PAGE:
Translation, Modernity, Acceptability—From Language Reform to Cultural Resistance in Translation Practice in China

Mingming Yuan


This paper compares the linguistic acceptability in the Chinese translations of Peter Pan from a diachronic perspective, in terms of how changing socio-cultural factors over different time periods influence the linguistic acceptability of the target text. Linguistic acceptability is defined in relation to the extent to which translation conforms to dominant conventions and expectations in the target language. Relating to the polysystem theory, the paper first analyses the different roles translated literature has played in the Chinese literary system from the 1920s to the present, highlighting how, as translated literature moves from a central to a peripheral position, the preferred method of translation changes from innovative methods compromising the acceptability of the target text to conservative methods prioritising high acceptability. As part of the target literature polysystem, translation practice inevitably bears the mark of history. Three translations of J. M. Barrie’s Peter Pan, completed respectively in 1929 (Liang’s), 1991 (Yang’s) and 2011 (Ren’s) are compared in terms of their linguistic acceptability, illustrating how the changed position of translated literature results in the change of preferred translating methods, signalling a move from language reform to cultural resistance in the prevalent translation norms in China.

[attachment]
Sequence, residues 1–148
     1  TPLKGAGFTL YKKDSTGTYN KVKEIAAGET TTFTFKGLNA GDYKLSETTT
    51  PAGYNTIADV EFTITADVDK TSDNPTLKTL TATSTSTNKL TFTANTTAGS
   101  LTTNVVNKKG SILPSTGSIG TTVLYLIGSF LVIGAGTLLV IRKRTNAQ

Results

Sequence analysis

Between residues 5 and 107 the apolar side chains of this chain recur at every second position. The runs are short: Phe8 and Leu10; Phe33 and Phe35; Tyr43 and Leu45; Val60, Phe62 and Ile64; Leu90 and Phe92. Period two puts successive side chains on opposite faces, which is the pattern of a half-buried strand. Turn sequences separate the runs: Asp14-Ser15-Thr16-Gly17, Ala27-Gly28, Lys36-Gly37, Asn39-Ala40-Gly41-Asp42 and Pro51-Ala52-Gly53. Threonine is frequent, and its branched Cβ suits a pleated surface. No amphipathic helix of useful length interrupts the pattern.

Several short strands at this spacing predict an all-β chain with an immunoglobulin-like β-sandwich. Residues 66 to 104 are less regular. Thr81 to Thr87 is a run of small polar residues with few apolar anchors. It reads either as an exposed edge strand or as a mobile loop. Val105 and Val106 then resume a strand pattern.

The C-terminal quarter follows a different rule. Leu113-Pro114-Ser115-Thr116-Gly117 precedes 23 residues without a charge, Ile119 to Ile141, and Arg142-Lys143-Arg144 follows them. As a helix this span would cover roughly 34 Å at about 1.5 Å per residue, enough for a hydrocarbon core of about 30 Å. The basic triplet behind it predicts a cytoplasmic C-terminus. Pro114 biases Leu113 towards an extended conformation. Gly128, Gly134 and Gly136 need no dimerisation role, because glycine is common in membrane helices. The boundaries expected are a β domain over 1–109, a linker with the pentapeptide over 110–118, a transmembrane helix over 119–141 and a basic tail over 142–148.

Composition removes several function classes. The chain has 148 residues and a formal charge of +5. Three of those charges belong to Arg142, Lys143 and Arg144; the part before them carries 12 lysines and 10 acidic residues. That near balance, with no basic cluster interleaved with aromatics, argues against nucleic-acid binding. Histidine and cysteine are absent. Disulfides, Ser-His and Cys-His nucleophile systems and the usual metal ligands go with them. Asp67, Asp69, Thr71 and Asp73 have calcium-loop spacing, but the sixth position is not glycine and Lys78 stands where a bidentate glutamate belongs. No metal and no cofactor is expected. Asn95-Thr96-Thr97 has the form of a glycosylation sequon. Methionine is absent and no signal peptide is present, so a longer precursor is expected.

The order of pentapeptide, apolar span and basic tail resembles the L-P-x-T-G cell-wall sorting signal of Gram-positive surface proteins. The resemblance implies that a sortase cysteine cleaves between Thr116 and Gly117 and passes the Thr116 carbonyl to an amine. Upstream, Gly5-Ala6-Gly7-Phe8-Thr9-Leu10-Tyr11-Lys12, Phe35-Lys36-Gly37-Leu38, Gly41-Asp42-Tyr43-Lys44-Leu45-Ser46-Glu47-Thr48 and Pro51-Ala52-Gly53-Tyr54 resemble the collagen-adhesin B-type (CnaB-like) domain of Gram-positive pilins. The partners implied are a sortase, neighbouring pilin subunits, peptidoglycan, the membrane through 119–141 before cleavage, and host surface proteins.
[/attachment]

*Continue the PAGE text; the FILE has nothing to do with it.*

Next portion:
Keywords: translation; polysystem theory; linguistic acceptability; language reform; China  

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